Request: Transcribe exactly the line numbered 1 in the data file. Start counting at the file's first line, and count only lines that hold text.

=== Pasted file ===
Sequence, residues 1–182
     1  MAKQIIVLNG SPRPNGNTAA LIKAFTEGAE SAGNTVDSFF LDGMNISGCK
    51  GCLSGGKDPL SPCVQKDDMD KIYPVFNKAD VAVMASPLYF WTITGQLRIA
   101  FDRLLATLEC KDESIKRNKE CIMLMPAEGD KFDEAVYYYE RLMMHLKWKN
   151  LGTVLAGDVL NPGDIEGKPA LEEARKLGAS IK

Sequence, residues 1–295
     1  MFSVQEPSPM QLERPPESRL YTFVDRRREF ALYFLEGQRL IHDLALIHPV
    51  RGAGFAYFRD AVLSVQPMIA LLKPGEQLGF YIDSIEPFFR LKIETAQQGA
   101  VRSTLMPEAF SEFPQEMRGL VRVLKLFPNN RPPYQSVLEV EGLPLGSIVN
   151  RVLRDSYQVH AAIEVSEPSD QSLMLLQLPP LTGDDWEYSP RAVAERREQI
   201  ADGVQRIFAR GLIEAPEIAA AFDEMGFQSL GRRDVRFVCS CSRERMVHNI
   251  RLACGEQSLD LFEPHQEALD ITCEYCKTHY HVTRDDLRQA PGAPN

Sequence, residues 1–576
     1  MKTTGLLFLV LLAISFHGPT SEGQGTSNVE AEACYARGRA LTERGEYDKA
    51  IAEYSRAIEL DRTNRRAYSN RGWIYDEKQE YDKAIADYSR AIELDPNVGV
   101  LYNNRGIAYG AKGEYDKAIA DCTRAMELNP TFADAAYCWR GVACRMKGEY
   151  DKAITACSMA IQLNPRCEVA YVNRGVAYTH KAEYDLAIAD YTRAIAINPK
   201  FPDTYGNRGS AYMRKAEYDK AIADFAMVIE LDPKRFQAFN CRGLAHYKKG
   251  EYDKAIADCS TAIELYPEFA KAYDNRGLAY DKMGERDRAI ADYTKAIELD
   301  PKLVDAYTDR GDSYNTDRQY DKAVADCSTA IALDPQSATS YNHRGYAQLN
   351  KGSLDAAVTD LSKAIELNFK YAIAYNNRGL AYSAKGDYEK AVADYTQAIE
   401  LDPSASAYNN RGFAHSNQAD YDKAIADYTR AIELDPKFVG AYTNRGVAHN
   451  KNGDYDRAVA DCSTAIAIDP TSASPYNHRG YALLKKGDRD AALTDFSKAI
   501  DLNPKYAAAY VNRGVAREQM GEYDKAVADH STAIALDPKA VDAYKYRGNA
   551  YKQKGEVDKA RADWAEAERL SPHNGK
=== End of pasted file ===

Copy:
Sequence, residues 1–182